But, “although Parkinson’s disease is primarily considered a motor disorder, several studies have shown non-motor symptoms are common across all stages of the disease,” said lead researcher Dr. Alessandro Arrigo. He is a resident in ophthalmology at the University Vita-Salute San Raffaele of Milan.
“However, these symptoms are often undiagnosed because patients are unaware of the link to the disease and, as a result, they may be undertreated,” Arrigo added.
Non-motor symptoms in Parkinson’s disease patients include visual changes, such as an inability to perceive colors, a change in visual acuity, and reduced blinking, which can lead todry eye, the study authors noted.
These symptoms “may precede the appearance of motor signs by more than a decade,” Arrigo said.
This study included 20 newly diagnosed Parkinson’s patients who had not yet received treatment, and a “control” group of 20 people without the disease. Brain scans revealed that the Parkinson’s patients had significant abnormalities within the visual system brain structures.
Vision Problems Common In Parkinsons Disease We were unable to process your request. Please try again later. If you continue to have this issue please contact email@example.com.
People with Parkinson’s disease have a higher prevalence of ophthalmologic symptoms than those without the disease, according to research published in Neurology, the medical journal of the American Academy of Neurology.
“It is especially important for people with Parkinson’s to have the best vision possible because it can help compensate for movement problems caused by the disease, and help reduce the risk of falls,”Carlijn D.J.M. Borm, MD, of the Radboud University Medical Centre in Nijmegen, The Netherlands, said in a press release. “Our study found not only that people with Parkinson’s disease had eye problems that go beyond the aging process, we also found those problems may interfere with their daily lives.”
Borm and colleagues conducted an observational, cross-sectional study across multiple centers in the Netherlands and Austria as part of a larger study on visual impairments in patients with Parkinson’s disease.
The researchers evaluated the prevalence and clinical effects of ophthalmologic symptoms in adults using participant responses to the Visual Impairment in Parkinson’s Disease Screening Questionnaire. The questionnaire included questions on demographic information and visual hallucinations, and assessed the four domains of ophthalmologic disorders — ocular surface, intraocular, oculomotor and optic nerve.
Coping With Vision Problems From Parkinson’s
There is currently no cure for the disease itself, but there are options to treat the symptoms of PD. A combination of medications, physical and/or occupational therapy, support groups, and of course, top-quality vision care can give a PD patient relief for some of their symptoms and tools to help cope with the condition.
Research and clinical trials are continuing as doctors and others in the medical community work towards the goal of finding a cure for PD.
No two patients are alike, and each can experience PD differently from the other, so finding what works for you or your loved one is key. During this Parkinson’s Awareness Month, share your #KeyToPD and give your loved ones hope for a healthy and high quality of life.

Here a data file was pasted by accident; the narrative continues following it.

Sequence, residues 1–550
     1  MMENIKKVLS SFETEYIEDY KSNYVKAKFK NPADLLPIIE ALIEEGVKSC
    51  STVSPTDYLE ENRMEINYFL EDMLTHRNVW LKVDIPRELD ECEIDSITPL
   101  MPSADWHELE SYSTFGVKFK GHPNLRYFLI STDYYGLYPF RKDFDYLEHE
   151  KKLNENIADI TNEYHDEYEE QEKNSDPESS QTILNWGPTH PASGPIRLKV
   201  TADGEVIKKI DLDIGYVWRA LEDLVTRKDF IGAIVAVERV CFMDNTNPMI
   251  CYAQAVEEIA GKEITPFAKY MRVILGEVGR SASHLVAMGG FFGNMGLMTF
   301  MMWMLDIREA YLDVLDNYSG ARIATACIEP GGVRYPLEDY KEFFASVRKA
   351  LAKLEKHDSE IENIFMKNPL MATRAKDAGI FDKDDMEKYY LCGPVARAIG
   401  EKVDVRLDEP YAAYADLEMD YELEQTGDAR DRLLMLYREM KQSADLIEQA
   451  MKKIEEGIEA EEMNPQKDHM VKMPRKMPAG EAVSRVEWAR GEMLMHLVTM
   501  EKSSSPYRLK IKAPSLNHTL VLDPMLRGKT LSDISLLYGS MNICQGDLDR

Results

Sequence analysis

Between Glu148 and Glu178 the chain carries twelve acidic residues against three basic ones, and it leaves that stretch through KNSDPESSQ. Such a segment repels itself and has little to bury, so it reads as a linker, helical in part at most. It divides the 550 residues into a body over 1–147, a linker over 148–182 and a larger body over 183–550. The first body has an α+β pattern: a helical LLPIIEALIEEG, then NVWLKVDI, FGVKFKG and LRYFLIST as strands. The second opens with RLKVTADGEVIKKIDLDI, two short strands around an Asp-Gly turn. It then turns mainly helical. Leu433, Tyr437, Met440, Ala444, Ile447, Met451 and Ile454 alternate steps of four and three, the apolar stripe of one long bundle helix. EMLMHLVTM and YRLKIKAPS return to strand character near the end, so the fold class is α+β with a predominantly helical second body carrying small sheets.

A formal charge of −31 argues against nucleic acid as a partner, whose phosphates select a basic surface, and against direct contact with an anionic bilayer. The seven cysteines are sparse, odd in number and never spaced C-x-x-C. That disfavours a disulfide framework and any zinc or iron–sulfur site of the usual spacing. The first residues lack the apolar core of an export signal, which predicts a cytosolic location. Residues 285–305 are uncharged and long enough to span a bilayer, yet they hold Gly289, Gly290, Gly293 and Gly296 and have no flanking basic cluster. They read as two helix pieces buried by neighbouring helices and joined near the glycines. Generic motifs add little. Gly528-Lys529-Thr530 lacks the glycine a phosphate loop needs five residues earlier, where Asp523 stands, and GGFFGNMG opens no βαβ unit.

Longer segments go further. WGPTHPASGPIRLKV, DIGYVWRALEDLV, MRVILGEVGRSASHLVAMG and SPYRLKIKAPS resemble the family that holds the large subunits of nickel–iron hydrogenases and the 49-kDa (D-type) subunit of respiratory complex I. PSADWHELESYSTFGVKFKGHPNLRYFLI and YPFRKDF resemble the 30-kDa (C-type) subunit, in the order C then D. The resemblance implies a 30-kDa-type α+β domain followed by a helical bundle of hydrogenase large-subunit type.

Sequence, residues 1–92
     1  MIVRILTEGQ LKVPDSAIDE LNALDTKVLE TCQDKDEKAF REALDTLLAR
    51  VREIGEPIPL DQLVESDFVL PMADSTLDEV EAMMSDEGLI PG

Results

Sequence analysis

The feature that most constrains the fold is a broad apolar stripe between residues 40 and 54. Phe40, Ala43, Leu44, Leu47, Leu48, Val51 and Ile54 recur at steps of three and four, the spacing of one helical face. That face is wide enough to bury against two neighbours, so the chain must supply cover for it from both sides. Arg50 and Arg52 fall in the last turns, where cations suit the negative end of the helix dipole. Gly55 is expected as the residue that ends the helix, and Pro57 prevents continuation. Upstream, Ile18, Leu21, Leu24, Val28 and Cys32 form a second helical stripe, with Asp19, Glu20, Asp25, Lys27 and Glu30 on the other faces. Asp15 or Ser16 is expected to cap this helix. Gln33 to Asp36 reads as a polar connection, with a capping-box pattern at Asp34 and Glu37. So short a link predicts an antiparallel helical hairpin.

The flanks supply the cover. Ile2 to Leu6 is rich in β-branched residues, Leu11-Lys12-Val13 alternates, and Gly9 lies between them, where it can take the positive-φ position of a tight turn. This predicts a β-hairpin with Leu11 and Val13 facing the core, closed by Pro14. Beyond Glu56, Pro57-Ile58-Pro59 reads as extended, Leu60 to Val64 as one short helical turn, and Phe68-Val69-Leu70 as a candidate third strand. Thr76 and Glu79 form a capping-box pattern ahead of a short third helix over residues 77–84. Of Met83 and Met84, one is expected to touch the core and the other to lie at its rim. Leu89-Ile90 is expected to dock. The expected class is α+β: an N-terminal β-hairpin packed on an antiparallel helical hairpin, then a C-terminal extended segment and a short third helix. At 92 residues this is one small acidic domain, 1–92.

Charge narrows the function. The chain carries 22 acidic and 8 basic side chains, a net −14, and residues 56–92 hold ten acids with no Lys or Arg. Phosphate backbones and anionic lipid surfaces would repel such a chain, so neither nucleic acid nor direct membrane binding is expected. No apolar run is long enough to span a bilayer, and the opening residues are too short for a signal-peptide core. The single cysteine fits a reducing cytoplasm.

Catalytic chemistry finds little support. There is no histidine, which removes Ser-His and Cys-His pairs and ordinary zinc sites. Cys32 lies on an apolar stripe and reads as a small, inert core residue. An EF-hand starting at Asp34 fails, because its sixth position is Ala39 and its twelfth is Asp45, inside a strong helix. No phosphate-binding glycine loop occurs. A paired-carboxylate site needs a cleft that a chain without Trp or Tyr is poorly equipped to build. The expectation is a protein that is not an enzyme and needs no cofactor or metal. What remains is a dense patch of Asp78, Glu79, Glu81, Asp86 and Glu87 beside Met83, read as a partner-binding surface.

Results Of A Visual Impairment Questionnaire
How Does Parkinsons Disease Affect The Body
Recognising the signs
A combination of signs can help a doctor make an early diagnosis. If Parkinson’s disease is diagnosed early, the chances of being able to treat and manage the condition are greater. Individual signs may not be an indication of Parkinson’s disease. Some signs such as loss of smell could be caused by an infectious illness, or joint stiffness by conditions like arthritis.
Parkinson’s is most commonly diagnosed with a very physical examination and assessment of a person’s medical history. There are very specific markers for diagnosis which doctors use to assess for possible Parkinson’s disease. These markers have a lot to do with a combination of very specific signs and symptoms and if recognised early enough, can be better managed.
1. Primary motor symptoms
2. Secondary motor symptoms
Other motor symptoms include:
Some individuals may also experience the following:
- Hunched over / stooped posture – When standing, the body may begin to slouch or lean inwards, causing a hunched over appearance.
- Impaired gross motor coordination
- Impaired fine motor dexterity and motor coordination
- Difficulties with swallowing or chewing
- Production of excess saliva and drooling
- Sexual dysfunction
3. Non-motor symptoms
Symptoms that do not involve physical movement or coordination, and often precede motor problems, can include:
Symptoms are initially mild, even if they develop suddenly, and typically affect one side of the body at first.
Progressive Supranuclear Palsy And Cortico
PSP and CBD are both four-repeat tau diseases exhibiting considerable similarities and overlap . Distinguishing PD from PSP can be especially difficult early in the disease. Atypical features of PSP include slowing of upward saccades, moderate slowing of downward saccades, the presence of a full range of voluntary vertical eye movements, a curved trajectory of oblique saccades, and absence of square-wave jerks . Hence, particularly useful in separating PSP from PD is the presence in the former of vertical supranuclear gaze palsy, fixation instability, lid retraction, blepharospasm, and apraxia of eyelid opening and closing . Downgaze palsy is probably the most useful diagnostic clinical symptom of PSP . Deficits in colour vision appear to be more important in PD and directly related to the dopamine system. However, in untreated early PD, no consistent deficits in colour vision were demonstrated making this alone an unreliable indicator of PD .
Medical Recognition Of Breathing Disorders
The existence of these breathing disorders have been known about, but largely ignored, in medical circles, for decades. Indeed, L.C. Lum, a cardiologist at Papworth & Addenbrookes Hospitals, Cambridge, UK, wrote an article on this entitled “Hyperventilation: the Tip of the Iceberg” in 1975. Here are some relevant excerpts: